What kind of offense will the Pittsburgh Steelers be in the postseason? If the bulk of the regular season is any indication, then it will be one that primarily relies upon short passes to move the ball down the field, hoping to get some yards after the catch here and there to supplement—with a deep defensive pass interference sprinkled in.
Recent weeks have offered some hints of encouragement, surprisingly enough, most obviously in the deep passing game, with the Steelers having successfully completed a number of deep passes. But they have also posted a solid success rate on their sparse rush attempts as well. You can throw in the Joshua Dobbs wrinkle as well.
When it comes to the offensive linemen, however, all of this sort of stuff is above their pay grade, or so they would say. They might have opinions generally about offensive play, but they won’t ever say what they feel their team should do. Take David DeCastro’s lead.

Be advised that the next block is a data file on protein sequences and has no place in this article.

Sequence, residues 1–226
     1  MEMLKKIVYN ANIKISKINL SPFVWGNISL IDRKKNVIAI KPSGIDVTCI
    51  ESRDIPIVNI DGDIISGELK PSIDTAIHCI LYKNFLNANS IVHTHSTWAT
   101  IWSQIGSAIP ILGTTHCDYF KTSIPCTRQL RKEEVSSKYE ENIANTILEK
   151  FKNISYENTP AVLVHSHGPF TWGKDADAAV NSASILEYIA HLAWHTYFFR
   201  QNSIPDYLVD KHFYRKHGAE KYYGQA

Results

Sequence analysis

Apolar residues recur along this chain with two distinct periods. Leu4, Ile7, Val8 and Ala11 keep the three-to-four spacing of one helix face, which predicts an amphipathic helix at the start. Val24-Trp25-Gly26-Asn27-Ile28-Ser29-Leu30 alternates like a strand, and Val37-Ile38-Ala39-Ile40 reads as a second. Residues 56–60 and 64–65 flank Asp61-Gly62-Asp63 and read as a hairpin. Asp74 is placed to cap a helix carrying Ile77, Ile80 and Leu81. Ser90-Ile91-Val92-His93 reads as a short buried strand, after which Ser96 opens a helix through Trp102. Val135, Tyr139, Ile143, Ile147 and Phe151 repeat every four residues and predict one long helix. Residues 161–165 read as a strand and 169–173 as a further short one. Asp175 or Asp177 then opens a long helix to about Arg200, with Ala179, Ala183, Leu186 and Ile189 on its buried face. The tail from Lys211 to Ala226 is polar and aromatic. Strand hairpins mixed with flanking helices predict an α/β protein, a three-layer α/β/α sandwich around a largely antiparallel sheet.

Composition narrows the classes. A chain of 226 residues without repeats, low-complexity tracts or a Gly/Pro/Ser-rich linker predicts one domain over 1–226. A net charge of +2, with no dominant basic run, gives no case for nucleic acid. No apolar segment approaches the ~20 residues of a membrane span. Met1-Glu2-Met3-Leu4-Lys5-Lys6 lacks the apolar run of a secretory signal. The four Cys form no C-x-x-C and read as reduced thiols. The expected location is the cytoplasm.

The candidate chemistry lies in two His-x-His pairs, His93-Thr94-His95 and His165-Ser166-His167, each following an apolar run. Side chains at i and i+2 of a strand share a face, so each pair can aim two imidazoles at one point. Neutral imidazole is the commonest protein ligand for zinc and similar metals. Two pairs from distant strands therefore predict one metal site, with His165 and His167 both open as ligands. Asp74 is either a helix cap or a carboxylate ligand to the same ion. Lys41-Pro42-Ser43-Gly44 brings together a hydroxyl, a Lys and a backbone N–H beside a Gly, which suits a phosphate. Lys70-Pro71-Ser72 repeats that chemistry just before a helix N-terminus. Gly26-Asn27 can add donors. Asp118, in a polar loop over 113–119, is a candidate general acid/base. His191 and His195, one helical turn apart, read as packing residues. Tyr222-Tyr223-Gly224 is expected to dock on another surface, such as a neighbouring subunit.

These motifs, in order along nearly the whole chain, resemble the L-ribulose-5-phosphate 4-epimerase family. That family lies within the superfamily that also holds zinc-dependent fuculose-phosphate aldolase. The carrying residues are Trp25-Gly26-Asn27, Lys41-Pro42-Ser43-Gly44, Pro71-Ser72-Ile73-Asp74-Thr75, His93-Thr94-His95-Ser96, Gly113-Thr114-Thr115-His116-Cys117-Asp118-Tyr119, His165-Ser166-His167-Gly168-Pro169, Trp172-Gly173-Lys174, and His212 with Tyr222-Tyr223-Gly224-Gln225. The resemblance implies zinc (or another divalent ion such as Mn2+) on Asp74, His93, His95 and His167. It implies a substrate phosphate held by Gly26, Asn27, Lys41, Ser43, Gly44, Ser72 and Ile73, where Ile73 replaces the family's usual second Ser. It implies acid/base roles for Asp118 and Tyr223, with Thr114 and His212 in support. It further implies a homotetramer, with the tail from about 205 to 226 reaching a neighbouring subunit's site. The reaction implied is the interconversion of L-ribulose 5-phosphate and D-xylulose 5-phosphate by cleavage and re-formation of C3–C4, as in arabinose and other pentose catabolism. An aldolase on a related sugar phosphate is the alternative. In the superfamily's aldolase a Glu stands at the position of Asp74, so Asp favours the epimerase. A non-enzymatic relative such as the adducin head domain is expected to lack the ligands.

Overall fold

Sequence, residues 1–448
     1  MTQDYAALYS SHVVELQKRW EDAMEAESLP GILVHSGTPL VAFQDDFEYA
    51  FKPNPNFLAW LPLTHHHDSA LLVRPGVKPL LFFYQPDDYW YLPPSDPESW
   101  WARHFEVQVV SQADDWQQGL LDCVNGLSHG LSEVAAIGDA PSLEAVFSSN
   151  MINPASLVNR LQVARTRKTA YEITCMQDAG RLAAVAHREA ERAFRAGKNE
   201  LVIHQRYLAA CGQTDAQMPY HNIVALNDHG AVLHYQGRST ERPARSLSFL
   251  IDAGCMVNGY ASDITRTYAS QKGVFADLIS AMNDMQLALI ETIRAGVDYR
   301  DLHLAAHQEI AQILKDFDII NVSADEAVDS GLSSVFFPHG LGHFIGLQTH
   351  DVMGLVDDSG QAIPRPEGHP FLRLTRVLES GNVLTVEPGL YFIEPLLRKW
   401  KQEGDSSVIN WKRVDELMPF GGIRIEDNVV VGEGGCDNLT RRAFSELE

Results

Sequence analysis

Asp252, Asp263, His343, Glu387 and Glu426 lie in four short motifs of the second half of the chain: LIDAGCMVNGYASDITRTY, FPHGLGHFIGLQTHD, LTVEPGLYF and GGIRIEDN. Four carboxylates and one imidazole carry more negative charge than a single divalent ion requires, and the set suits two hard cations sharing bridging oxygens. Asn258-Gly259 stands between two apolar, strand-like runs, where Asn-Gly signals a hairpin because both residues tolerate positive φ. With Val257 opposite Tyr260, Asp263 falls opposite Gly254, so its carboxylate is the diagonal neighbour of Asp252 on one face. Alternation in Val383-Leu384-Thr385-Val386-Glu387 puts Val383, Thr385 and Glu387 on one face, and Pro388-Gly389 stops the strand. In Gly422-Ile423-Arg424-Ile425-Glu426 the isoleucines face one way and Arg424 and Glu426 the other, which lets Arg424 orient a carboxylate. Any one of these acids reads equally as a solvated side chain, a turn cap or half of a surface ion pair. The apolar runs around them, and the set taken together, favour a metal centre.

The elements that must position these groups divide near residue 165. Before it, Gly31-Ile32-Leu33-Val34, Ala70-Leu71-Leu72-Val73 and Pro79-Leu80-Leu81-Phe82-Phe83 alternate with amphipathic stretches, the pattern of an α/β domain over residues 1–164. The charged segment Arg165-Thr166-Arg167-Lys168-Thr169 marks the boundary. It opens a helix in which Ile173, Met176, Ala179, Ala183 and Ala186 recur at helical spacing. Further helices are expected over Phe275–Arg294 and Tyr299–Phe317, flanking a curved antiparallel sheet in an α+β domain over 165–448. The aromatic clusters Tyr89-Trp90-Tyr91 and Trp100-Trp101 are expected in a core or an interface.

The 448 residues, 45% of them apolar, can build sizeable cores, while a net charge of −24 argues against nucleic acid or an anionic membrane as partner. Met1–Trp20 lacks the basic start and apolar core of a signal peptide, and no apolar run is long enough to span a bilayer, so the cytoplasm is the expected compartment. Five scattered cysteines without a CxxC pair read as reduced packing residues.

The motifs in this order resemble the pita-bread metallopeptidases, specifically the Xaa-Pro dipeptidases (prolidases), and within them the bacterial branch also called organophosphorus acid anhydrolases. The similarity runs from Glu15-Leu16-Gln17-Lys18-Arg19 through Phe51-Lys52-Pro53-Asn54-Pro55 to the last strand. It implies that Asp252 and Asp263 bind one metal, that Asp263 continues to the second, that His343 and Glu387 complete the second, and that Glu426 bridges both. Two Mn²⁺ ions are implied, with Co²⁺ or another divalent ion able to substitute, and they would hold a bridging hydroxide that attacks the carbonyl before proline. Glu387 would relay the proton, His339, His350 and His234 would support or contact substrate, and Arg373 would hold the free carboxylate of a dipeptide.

“I just think it goes back to being balanced and keeping defenses honest. If you’re one-dimensional, it’s easy to script for it”, he told reporters yesterday. “There’s only so much you can do, but you can complement things and keep them guessing a little bit. That makes our life easier on offense. But like I said from the get go a couple weeks ago, it’s whatever it takes to win. I don’t really care how we get it done, but it’s definitely easier that way”.
Regardless of what style of offense a team runs, it is always preferable to be able to do anything and everything at an efficient level. The Steelers have…not been that team this year. In fact, outside of scoring, they have been among the least efficient offenses in the league.
And yet they won 12 of their first 15 games before resting starters in the finale, and are hosting a playoff game, so things certainly could have been worse. But the margin for error is how virtually down to zero. They must know that they have to be better offensively than they have been most weeks.
Will they run the ball? Will they be able to do it well? Will they be able to connect on some deep pass attempts? Will their short passing game be efficient enough to move the ball down the field? Will it be less predictable, enough to prevent the defense from keying on their plays and stopping them short?